Alissa Hessler: The States Project: Maine
Alissa Hessler and I met at Maine Media one summer day under the tent. She was and still is this super talented, cool, hip woman who has a head for business and a heart the size of the Grand Canyon. Alissa, always cheerful and helpful is one of those friends who just says, “hey come on over, we’re going to do arts and crafts!” So I made her the best narwhal I could for her themed birthday party – Under the Sea was the theme!
Alissa and her partner Jake have a magical romance story of meeting at a party and falling madly in love. So much in love that she left Seattle and moved to Maine, yes it is real! They settled into a lovely farmhouse where she co-operates Hessler Creative and co-teaches photography courses throughout the states.
I had the fortune of sitting in on a class that Alissa was co-teaching which opened my eyes to a whole new side of her. She is passionate about photography, about all imagery and teaching. Alissa pushes her students to have that ‘Ah Ha’ moment. You know, that moment we all have when it finally all makes sense, when the project comes together. I watched as she assisted in identifying specific concepts within others work and then worked diligently to nurture that.
When Alissa told me she was working on a new project I was thrilled. After watching her teach, getting to know her as a person and sharing my own personal work with her I was excited to have the opportunity to see her work. Her project Urban Exodus is an exploration into how many individuals, families and couples are switching gears; moving from the mechanical, routine lives found in most cities to a life of new possibilities and adventures.
I am fortunate to call Alissa my friend and even more privileged to share her work with you.
Alissa Hessler is an art director, photographer and instructor, with over a decade of creative industry experience. She has lead diverse creative teams in the photography, design and film worlds, working as a photo editor, photographer, art director and executive producer. Her clients include industry giants Nordstrom, Microsoft, Boeing, Edelman, Colliers International and Starbucks.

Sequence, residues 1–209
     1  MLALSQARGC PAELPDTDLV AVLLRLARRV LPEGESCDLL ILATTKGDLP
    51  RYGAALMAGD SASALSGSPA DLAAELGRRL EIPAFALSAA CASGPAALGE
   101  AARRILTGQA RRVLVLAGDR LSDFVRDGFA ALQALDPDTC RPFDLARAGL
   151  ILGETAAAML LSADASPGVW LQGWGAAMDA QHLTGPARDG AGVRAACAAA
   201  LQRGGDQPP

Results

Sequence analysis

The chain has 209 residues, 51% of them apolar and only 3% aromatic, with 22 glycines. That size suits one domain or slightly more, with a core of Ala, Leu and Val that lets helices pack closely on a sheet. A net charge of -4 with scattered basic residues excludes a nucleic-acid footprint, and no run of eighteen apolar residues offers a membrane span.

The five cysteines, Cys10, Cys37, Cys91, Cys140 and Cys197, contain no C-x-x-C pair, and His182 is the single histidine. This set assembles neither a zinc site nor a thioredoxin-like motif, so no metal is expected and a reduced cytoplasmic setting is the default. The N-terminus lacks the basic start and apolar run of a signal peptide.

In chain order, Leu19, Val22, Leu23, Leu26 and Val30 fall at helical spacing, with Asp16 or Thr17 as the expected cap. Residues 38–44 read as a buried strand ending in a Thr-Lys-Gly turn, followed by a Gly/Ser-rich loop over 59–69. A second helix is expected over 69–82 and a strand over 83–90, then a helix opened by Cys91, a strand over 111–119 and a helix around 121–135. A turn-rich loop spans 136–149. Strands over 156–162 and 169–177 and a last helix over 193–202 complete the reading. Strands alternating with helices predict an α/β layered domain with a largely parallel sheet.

Hessler was a project manager and photography art director at the award-winning design firm Turnstyle Studio in Seattle. At Turnstyle she was responsible for sourcing commercial photographers for projects and developed a keen eye for selecting the best talent for specific jobs. Following Turnstyle, she joined the Global PR team for smartphone giant, HTC. At HTC, she was the creative director and project manager for all product launches, bringing over twenty devices to market at couture press events around the world.
For the last five years, Alissa has been co-teaching photography classes across the country with her husband Jacob Hessler and consulting working photographers wanting to develop a wider-audience for their work. In addition, Alissa co-operates Hessler Creative, a branding and photography agency and shoots for various publications, including Modern Farmer, Bon Appétit, The Guardian and Good Housekeeping. For the last three years she has been shooting and interviewing ex-urbanites across North America for her project, Urban Exodus. Her first book “Ditch the City and Go Country” is releasing in July of 2017, distributed by Macmillan Press.
The rural to urban migration has been steady since the Industrial Revolution. Young people leaving family farms and businesses behind to find success in the city. The Back-to-the-Lander movement of the late 60s and early 70s reversed the trend momentarily, inspiring urbanites to leave city life and build a more self-sufficient and sustainable life in the country.
In a time where graduates are chained to school loan debt, decent paying jobs in urban centers are hard to come by and rents are skyrocketing, more and more people are choosing to leave the rat race and build a life rurally. Urban Exodus gives an intimate glimpse into the spaces and lives of former urbanites who chose to leave the concrete jungle for greener pastures.
In addition to the imagery of farms, working studios and cabins nestled in the woods, are interviews detailing their journey. These interviews highlight the triumphs, struggles and the inspirations they have found since choosing to live a life away from the urban existences they once knew.
Posts on Lenscratch may not be reproduced without the permission of the Lenscratch staff and the photographer.
Maria Kapajeva: Dream is Wonderful, Yet UnclearJune 21st, 2020
Lana Z Caplan: History Based LandscapesJune 11th, 2020